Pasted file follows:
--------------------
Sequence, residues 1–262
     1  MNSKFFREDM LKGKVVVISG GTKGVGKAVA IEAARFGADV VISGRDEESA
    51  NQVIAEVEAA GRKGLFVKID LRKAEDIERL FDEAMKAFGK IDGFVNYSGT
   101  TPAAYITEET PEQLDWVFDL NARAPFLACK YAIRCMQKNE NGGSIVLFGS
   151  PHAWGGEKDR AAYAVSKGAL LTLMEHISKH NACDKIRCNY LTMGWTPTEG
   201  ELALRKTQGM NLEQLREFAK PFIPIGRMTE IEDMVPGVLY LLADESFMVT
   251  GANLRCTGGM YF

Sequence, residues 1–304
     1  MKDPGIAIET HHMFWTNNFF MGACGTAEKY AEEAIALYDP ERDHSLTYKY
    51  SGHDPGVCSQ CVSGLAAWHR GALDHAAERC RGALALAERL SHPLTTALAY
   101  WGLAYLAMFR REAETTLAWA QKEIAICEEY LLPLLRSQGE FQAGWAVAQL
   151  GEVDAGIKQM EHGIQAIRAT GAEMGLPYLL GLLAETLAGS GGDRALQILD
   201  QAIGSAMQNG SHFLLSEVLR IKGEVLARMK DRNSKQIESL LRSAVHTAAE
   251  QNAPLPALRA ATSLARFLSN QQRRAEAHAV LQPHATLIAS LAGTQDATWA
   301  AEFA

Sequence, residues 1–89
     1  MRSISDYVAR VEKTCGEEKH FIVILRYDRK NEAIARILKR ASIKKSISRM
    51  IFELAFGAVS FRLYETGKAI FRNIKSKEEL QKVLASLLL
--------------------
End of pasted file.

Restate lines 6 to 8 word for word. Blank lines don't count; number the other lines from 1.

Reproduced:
   201  ELALRKTQGM NLEQLREFAK PFIPIGRMTE IEDMVPGVLY LLADESFMVT
   251  GANLRCTGGM YF

Sequence, residues 1–304